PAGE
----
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Child Support Archives

How does Massachusetts child support affect international travel?

Residents of Quincy and Norfolk County likely have a variety of financial obligations, from utility bills to rent and mortgage payments to student loans. Residents who are parents also have the everyday expenses of raising a child. In cases where parents are no longer together, the non-custodial parent may have child support obligations.

How does Massachusetts deal with failure to pay child support?

One of the most important issues for a divorced or unmarried couple in Massachusetts that shares a child is the amount of child support that will be paid and keeping up with the payments. When the supporting parent is found to having committed a failure to pay child support, the law has certain tactics it will use to get the payments up-to-date. While many view this as punishment, it is in reality an attempt to get the supporting parent to adhere to the child support guidelines to adequately care for the child.

What sources of income are used to calculate child support in MA?

Whether married or not, when a couple in Massachusetts shares a child, it is of paramount importance that the child's financial needs are adequately provided for. That means there will be a home to live in, clothes on his or her back, food in the refrigerator and cupboard, every day expenses and other financial accommodations to care for the child. The state has guidelines that dictate the amount the supporting parent will pay to the custodial parent. A common concern among parents who are paying and receiving child support -- and one that often arises during a child support dispute -- is which sources of income are subject to being part of the calculation of how much will be paid.

How our firm can help in a child support case

Child support is always a contentious issue whenever a child's biological parents no longer live in the same household. While in that perfect world a Massachusetts parent could live in such a way where he or she does not have to count on the support of the noncustodial parent, such a case is rarely the reality.

Divorce can bring substantial pain to children

A child who watches parents go through the process of divorce often has their world turned upside down. Their future becomes uncertain. Where they will live, whom they will spend Christmas with and what school they will attend, may all change. This uncertainty brings much stress to a child and can affect their day-to-day wellbeing.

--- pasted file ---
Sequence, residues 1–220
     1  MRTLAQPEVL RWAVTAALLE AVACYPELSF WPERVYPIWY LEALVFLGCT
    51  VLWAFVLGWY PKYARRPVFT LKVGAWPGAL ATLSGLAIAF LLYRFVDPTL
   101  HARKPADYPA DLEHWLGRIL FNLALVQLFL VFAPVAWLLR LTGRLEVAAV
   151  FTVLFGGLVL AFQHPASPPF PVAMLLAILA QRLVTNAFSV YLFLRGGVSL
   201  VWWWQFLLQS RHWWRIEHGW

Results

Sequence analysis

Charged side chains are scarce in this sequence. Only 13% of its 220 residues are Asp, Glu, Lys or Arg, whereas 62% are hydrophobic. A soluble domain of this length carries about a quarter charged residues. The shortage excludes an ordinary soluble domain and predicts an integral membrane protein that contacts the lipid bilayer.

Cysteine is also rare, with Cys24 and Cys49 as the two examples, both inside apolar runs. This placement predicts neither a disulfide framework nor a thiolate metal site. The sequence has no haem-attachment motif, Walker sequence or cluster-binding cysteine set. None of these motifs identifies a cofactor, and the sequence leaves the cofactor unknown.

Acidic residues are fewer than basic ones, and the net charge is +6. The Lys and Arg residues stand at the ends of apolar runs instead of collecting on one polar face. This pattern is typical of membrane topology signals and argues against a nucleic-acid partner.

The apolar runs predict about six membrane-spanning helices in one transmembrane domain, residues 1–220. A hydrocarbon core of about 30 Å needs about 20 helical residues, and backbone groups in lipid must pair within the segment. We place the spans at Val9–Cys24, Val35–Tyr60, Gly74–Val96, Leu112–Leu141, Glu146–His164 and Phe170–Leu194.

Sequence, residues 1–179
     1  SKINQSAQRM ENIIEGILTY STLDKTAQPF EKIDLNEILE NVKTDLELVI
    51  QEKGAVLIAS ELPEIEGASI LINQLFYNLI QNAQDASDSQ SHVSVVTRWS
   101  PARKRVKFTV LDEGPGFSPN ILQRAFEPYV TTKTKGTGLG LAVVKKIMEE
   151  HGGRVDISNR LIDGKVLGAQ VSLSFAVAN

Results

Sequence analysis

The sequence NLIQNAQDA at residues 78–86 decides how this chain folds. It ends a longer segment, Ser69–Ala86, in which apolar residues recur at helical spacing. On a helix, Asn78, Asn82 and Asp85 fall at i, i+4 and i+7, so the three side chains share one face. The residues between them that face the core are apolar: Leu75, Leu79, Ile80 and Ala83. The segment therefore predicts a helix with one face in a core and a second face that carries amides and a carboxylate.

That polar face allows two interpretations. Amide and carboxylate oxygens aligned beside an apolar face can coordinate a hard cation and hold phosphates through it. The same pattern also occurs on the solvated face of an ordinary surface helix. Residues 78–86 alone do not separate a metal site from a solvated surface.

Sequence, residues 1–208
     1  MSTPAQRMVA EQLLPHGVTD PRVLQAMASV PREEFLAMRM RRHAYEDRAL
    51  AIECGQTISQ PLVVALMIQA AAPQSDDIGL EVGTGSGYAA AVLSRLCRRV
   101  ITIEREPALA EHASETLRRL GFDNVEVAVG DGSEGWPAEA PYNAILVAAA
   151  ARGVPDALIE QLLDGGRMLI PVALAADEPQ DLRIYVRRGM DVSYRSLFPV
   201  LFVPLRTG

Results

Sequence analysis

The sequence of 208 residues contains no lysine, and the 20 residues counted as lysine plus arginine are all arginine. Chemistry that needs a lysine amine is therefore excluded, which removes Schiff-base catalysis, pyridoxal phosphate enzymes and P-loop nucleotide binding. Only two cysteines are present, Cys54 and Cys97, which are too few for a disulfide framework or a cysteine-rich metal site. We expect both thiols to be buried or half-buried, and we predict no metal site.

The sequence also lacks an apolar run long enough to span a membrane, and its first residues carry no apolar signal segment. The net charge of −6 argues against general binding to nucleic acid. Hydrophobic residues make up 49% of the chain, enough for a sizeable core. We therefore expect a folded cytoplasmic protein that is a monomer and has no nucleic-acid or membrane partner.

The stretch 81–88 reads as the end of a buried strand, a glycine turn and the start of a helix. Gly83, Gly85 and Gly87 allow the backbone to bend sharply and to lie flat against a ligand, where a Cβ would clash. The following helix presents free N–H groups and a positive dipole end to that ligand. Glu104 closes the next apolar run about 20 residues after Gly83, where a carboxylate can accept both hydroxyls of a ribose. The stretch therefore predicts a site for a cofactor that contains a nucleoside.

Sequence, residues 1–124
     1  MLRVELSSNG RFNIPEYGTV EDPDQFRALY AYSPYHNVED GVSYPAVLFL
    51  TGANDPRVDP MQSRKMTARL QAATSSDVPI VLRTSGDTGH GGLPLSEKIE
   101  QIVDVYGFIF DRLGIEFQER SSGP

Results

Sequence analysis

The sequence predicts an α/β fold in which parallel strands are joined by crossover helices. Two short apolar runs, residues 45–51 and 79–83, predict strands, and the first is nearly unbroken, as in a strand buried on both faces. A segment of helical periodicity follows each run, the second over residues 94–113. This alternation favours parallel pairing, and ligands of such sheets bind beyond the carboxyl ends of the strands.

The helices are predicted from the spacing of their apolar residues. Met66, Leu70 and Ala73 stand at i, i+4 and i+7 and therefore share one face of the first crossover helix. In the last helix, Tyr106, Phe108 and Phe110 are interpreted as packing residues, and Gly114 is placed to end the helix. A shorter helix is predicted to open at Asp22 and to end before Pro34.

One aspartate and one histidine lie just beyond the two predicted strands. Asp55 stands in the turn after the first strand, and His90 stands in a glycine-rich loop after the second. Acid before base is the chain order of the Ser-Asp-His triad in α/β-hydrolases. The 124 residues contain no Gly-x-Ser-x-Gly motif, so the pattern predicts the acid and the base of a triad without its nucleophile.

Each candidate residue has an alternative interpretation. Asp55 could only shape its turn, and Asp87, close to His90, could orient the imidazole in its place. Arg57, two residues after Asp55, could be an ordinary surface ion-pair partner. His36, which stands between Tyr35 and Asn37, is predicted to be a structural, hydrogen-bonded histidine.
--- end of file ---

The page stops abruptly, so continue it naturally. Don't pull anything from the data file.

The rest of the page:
Supporting children throughout a divorce

Parents with children are no stranger to their kids' tendencies, attitudes and behaviors. When a life-altering event occurs, however, children may act in a way that is foreign to their parents. Divorce is one event that can turn a child's world upside down. Parents must work with their children throughout the divorce process in order to give their child as much emotional support as possible.

An overview of child support in Massachusetts

Child support payments assist many Massachusetts children across the state. These payments help provide financial support to a child who may otherwise only have support from one parent. The payments prove beneficial to the state as well, because they keep many children and families from needing public assistance.

How is child support determined?

As couples with children go through the process of separating, many have questions regarding the amount of child support that they will either receive or have to pay. Although determining child support is based on many concrete factors, such as the number of children, the amount of support can vary.

Understanding how to enforce child support after divorce

Attempting to get child support from a noncustodial parent can be incredibly frustrating. Often times, arguments result from missed payments, late payments or even payments that have stopped entirely. This can be especially frustrating when one knows that the other parent has the ability to make the payments. In situations where a parent is not getting the child support that has been ordered by the court, they might have options.